THIS IS WHAT I KNOW-Last week, I introduced you to Caney Arnold, a progressive candidate running in the March primary. Arnold and I sat down to discuss some of his ideas to turn the city around. The candidate, who brings a background in Air Force acquisition and program management, as well as a graduate degree in Public Policy and Administration, shares that he was inspired to support progressive causes around the time of the Gulf War.
“This campaign and my commitment while serving in office will be built around the following values: government transparency, grassroots democracy, ecology, social justice, and nonviolence,” he says.
Arnold says he is ready to support transparency because he’s “used to dealing with bureaucracy to weed out this sort of thing based on (my) career work for the Department of Defense and in the Air Force” where he learned how to work with management to get things done right. He is committed to stand up to the City Council and to work with the media to uncover conflicts of interest. “It’s not just in the campaign business but officeholders and committees are getting money from developers for office and city related purposes,” he says.
Grassroots Democracy and Transparency:
Arnold says listening to citizens will be an integral part of the daily management of the city -- and Neighborhood Councils will play a big part in that. “I want to increase communication with the NCs and with constituents to ensure citizens have more input in the decision-making process,” he says. He plans to actively seek input from the neighborhood councils and provide research to them before casting a vote on City Council, which is the reverse of the current practice. “As volunteers, NC board members usually don’t have the time to do this research. My office will provide information packets to each NC and formally request feedback.”
Arnold notes that his 15th District is “home to numerous oil drilling and refineries, as well as oil and natural gas storage facilities.” Safety failures involving explosions and toxic releases at these facilities have placed the community at risk. The candidate also supports reducing energy use by providing incentives to consumers and businesses, especially in fossil fuels consumption, by creating a plan to transition to sustainable 100 percent renewable energy sources, which must be approved by the Mayor and Council, backed with a firm schedule, adequate funding, and oversight. Water consumption is also an important issue that should be addressed in part by reconsidering plans for urban growth and development.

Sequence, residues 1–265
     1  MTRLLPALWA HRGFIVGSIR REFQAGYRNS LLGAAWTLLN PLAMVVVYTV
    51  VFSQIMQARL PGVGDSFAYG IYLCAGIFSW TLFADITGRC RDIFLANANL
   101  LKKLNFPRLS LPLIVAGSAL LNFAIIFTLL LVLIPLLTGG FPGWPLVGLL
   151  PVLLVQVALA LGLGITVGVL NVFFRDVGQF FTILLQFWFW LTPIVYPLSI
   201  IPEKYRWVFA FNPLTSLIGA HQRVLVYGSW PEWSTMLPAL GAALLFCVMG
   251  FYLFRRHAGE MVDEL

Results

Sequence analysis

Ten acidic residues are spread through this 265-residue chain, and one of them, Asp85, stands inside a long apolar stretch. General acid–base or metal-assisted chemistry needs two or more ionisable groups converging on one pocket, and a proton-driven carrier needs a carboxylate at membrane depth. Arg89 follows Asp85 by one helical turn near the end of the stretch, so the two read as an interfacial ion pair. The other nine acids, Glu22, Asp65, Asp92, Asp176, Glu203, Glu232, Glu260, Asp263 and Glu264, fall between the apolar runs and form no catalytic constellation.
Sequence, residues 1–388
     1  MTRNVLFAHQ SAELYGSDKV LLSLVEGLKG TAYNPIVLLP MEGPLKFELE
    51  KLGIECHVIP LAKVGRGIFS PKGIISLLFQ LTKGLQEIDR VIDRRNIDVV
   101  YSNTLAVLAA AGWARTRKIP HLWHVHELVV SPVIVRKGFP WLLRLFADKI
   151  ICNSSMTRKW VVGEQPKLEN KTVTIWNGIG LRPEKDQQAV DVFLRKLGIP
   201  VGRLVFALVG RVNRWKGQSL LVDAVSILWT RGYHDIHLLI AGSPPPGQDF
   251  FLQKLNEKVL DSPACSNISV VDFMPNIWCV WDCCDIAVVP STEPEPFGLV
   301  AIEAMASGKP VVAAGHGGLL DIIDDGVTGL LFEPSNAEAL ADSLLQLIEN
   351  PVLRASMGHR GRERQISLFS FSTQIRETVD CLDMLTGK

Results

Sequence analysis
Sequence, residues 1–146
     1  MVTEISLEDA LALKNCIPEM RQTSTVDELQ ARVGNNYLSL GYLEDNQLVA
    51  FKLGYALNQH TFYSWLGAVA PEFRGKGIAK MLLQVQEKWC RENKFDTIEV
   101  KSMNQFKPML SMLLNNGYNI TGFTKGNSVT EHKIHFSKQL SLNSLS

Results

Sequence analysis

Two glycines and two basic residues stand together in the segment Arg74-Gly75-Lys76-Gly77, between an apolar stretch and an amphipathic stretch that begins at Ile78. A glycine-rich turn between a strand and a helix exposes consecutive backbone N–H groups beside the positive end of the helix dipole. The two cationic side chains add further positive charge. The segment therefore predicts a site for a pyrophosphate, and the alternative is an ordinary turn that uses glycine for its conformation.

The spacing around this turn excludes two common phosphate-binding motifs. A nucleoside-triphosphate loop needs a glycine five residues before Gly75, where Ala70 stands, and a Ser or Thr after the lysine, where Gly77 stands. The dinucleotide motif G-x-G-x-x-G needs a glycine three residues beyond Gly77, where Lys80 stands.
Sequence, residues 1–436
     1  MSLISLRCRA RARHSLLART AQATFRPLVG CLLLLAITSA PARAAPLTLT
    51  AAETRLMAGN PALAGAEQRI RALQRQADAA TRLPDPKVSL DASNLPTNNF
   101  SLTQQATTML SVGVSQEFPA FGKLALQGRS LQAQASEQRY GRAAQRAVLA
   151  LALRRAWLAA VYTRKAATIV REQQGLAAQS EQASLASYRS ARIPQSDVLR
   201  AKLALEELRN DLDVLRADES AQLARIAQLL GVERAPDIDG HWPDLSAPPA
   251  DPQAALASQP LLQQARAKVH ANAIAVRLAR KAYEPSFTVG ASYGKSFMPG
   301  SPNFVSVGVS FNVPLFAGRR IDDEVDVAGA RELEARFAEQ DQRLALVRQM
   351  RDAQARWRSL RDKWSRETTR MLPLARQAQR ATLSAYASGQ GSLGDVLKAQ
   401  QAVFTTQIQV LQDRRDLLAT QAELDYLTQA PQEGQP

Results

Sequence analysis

Arnold was inspired to run in part by his volunteer involvement with the homeless population. “We need to do a better job helping our neighbors without housing,” he says. “The Housing First strategy has worked in cities across the U.S. and is the preferred approach by the federal government. We need to move away from treating homelessness as a police issue and see the root causes of homelessness, as well as to help keep people in their homes.” The Housing First approach removes the homeless from unsafe environments on the street to get them into housing, providing them with services to help them find employment and become self-sustaining again.
Arnold’s platform includes improved relations between police and citizens to reduce over-policing and use of excessive force. He cites the positive approach of bringing police together with citizens to address issues, promoting programs such as the Institute for Nonviolence in Los Angeles Days of Dialogue program on the Future of Policing, sponsored by Mark Ridley-Thomas’s office.
Arnold is focused on rolling up his sleeves to turn around the status quo so that Los Angeles is a city for all residents and not just a selective few.
(Beth Cone Kramer is a Los Angeles writer and a columnist for CityWatch.) Edited for CityWatch by Linda Abrams.